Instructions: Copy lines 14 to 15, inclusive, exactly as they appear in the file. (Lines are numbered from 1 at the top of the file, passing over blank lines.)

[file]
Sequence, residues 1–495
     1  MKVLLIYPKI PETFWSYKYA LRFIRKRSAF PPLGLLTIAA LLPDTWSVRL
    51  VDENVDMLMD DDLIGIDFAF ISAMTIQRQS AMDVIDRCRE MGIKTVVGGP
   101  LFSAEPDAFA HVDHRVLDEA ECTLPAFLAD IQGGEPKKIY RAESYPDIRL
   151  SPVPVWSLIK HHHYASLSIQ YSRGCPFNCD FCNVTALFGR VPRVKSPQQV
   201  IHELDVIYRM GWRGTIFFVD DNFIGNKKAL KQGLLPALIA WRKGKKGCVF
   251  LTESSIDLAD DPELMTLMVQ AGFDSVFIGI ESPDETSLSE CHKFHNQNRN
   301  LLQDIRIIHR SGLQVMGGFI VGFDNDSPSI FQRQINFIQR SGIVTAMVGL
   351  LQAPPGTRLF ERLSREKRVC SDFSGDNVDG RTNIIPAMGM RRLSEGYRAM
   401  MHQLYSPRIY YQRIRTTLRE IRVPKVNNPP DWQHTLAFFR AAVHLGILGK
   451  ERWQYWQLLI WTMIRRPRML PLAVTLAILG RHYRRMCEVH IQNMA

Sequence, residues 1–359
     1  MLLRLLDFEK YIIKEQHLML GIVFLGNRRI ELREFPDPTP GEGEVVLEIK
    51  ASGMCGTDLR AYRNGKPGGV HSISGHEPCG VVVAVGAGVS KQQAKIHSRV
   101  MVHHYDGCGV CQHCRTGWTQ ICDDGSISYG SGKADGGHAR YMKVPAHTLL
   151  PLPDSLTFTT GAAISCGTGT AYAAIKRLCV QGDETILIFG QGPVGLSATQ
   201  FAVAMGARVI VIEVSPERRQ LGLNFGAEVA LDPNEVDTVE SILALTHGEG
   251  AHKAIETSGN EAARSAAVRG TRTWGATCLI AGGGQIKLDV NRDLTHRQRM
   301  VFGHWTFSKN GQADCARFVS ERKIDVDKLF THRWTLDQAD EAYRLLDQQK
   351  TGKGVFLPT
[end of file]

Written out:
    51  ASGMCGTDLR AYRNGKPGGV HSISGHEPCG VVVAVGAGVS KQQAKIHSRV
   101  MVHHYDGCGV CQHCRTGWTQ ICDDGSISYG SGKADGGHAR YMKVPAHTLL